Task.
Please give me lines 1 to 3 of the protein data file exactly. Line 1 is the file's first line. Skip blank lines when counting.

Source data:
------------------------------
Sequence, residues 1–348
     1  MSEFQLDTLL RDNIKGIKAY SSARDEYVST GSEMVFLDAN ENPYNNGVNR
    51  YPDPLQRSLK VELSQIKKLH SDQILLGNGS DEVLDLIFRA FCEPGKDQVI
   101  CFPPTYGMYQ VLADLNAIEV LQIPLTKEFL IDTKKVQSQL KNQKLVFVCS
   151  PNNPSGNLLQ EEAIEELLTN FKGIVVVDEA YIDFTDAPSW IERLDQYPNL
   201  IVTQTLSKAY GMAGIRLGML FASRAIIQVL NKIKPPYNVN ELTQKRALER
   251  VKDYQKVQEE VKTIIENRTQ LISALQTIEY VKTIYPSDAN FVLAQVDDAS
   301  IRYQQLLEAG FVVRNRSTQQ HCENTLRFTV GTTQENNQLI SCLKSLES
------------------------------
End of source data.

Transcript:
Sequence, residues 1–348
     1  MSEFQLDTLL RDNIKGIKAY SSARDEYVST GSEMVFLDAN ENPYNNGVNR
    51  YPDPLQRSLK VELSQIKKLH SDQILLGNGS DEVLDLIFRA FCEPGKDQVI